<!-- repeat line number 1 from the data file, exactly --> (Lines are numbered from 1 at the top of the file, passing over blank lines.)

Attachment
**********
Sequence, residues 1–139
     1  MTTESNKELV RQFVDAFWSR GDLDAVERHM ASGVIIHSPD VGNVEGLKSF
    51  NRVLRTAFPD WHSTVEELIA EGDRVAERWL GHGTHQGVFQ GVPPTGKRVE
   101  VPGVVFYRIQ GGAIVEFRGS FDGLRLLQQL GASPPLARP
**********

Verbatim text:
Sequence, residues 1–139